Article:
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Pottawatomie County officials hope for another shot at 911 funding

The vote to increase the tariff for 911 funding failed by 102 votes Feb. 12, a day that saw cold, wet day throughout much of central Oklahoma. Only 724 of the registered 30,000 voters in the county came out to cast ballots on the tariff increase
by Matt Patterson Published: March 4, 2013
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Next generation 911

Even though voters rejected a tariff increase in Pottawatomie County, the first phase of implementing the improved system is under way there and in other counties throughout Oklahoma.

Next generation 911 will allow those with an emergency to text from their cellphone the nature of their situation. Ty Wooten, National Emergency Number Association director of education and operational issues, said the text to 911 will be useful in several ways.

“It will allow for the same level of service for deaf and those who have other hearing problems,” Wooten said. “It also will benefit those who need emergency help but talking will put them in peril, for example if someone was at home during a break in.”

Four major cellphone carriers have agreed to have support for the text to 911 feature on their networks by 2014, Wooten said. Trials for the feature are under way in several areas of the country, he said.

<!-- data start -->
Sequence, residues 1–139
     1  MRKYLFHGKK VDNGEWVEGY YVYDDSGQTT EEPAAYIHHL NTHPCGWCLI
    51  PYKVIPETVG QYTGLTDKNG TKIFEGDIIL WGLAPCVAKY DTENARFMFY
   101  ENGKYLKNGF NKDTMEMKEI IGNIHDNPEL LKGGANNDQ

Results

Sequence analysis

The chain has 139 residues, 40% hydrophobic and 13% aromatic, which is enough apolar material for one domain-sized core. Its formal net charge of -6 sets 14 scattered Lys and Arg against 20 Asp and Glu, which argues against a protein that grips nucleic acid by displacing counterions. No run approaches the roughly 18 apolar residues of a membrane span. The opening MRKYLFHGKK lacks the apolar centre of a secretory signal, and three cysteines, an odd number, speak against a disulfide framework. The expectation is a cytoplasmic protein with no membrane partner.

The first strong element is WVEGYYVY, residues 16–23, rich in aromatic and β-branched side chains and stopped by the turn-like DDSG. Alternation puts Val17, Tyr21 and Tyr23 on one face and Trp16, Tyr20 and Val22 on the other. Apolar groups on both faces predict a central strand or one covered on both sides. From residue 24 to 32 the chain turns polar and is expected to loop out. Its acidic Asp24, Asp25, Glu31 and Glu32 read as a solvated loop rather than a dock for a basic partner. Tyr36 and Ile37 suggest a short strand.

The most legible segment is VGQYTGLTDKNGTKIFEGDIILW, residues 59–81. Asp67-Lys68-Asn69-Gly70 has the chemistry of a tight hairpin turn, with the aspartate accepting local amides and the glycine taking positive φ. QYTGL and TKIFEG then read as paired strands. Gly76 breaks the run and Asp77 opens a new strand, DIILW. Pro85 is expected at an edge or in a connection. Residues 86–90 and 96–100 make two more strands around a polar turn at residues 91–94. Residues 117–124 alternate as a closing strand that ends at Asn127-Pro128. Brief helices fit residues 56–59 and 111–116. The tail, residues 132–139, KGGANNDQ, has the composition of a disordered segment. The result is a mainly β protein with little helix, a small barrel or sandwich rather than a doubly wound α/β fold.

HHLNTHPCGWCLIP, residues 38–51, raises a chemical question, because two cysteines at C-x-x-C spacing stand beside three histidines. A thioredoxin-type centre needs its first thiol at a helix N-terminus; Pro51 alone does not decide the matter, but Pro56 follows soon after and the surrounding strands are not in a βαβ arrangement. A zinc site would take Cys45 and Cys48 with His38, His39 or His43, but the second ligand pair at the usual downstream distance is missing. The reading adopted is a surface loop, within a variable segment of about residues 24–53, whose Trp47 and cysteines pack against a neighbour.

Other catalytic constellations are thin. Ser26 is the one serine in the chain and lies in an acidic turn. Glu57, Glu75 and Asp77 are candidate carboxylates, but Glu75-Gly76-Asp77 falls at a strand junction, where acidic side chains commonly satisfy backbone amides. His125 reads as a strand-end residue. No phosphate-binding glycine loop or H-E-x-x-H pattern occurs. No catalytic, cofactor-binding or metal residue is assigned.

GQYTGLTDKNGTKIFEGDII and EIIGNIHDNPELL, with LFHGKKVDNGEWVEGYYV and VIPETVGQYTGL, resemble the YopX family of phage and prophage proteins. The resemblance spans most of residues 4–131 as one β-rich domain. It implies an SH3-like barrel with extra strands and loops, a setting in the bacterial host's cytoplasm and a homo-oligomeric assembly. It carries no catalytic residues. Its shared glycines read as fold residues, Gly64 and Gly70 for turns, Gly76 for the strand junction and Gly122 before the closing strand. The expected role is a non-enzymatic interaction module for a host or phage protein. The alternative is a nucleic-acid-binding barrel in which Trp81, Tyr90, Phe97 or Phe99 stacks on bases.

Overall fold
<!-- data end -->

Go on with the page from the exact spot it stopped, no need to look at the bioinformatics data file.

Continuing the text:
Improving 911 infrastructures continues to be an ongoing concern throughout the country. Funding continues to decline as the number of landlines dwindles. Funding models may need to be changed. In Missouri, no money is collected from phone line tariffs. Instead, money for 911 services is taken from a city or county's general fund. Oklahoma and Texas operate under the tariff model.

Wooten said the investment in new technology will pay off in the end.

“Today's technology is built and developed from the 1950s,” he said. “It's not easily upgradable to current technologies. As we move forward, we will need systems that can be easily upgraded and changed out.”

by Matt Patterson
Reporter
Matt Patterson has been with The Oklahoman since 2006. Prior to joining the news staff in 2010, Patterson worked in The Oklahoman's sports department for five years. He previously worked at The Lawton Constitution and The Edmond Sun....
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Today's technology is built and developed from the 1950s. It's not easily upgradable to current technologies. As we move forward, we will need systems that can be easily upgraded and changed out.”

Ty Wooten,
National

Emergency Number Association director of education

and operational issues

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